For the subject BCM325, we have been asked to participate in weekly screenings of films that pertain to the subject material. We engage with these films through live tweeting, posting both our own original tweets and interacting with other classmates tweets. In this blog post, I will be recounting and critically evaluating my experience with live tweeting thus far this semester.

Image: deSingel

Week One: Metropolis (1927)

The first week of live tweeting proved to be challenging. The tweets that I posted felt as though they were surface level observations; mostly pointing out aspects of the film and its context that I found interesting.

Given that Metropolis is a silent film, it was difficult to focus on the story while also engaging with the tweets posted by my classmates. I found that I would often miss key themes and story elements by reading the tweets on my timeline. Conversely, I would pick up on plot points that I missed through reading those tweets. These tweets provided more of an analysis of these plot points, which allowed me to further understand the themes of the film.

Additionally, I found it difficult to conduct research about the film during the screening, as I couldn’t simultaneously focus on reading articles and watching the film. As a result, I felt that my tweets this week weren’t as structured and insightful as they could have been.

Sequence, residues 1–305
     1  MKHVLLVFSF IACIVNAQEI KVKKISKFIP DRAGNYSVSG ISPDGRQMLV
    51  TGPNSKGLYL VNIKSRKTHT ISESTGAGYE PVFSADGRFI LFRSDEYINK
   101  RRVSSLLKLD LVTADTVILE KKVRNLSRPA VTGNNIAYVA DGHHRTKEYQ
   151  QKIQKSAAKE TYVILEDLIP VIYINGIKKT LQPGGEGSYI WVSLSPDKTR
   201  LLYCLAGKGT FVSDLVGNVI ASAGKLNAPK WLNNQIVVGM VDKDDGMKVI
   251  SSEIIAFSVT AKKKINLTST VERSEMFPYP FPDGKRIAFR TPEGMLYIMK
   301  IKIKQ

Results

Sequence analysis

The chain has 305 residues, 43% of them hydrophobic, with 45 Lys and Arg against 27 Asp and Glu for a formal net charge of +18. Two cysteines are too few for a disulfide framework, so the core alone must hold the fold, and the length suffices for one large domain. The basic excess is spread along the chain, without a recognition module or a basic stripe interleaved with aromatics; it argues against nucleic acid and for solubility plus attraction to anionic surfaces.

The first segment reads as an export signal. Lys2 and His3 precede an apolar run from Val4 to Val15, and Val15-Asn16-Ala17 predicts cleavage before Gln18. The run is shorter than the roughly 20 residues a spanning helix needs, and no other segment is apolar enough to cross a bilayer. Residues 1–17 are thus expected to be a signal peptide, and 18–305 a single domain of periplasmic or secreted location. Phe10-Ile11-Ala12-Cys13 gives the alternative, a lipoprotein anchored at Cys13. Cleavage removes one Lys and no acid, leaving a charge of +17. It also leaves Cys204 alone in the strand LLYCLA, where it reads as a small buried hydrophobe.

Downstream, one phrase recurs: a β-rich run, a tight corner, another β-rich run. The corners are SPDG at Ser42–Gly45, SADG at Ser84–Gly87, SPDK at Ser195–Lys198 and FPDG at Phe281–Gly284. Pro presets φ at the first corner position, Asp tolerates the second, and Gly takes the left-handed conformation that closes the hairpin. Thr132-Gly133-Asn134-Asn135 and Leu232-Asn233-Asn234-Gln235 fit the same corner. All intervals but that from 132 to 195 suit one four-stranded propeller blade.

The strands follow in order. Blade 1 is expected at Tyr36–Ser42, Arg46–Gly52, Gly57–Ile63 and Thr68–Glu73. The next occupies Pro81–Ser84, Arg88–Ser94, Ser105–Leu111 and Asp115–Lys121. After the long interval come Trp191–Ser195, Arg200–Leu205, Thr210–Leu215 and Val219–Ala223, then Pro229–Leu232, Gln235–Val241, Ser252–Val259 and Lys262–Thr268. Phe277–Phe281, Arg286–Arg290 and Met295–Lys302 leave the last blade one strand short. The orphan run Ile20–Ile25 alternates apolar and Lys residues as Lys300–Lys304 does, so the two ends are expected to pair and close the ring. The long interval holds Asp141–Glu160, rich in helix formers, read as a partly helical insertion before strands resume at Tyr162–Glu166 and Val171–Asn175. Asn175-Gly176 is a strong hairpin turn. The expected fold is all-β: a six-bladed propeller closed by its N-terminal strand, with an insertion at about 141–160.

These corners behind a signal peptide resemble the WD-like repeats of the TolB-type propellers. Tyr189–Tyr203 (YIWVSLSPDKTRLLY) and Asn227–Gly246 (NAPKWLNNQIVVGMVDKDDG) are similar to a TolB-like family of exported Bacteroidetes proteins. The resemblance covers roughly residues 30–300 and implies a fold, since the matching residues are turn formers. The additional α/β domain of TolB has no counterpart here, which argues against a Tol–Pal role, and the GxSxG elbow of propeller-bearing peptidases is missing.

Although my tweets didn’t feel as in-depth as the tweets of my peers, I received replies that further elaborated on my ideas. This allowed me to engage with the film and my peers in a more meaningful way.

Image: Tablet Magazine

Week Two: 2001: A Space Odyssey (1968)

This week, I made sure to conduct research about the film prior to the screening. I drafted several tweets focusing on important elements of the film that I was able to gain further insight on through reading articles. For example, this tweet highlighting one of the defining features of the film; the score.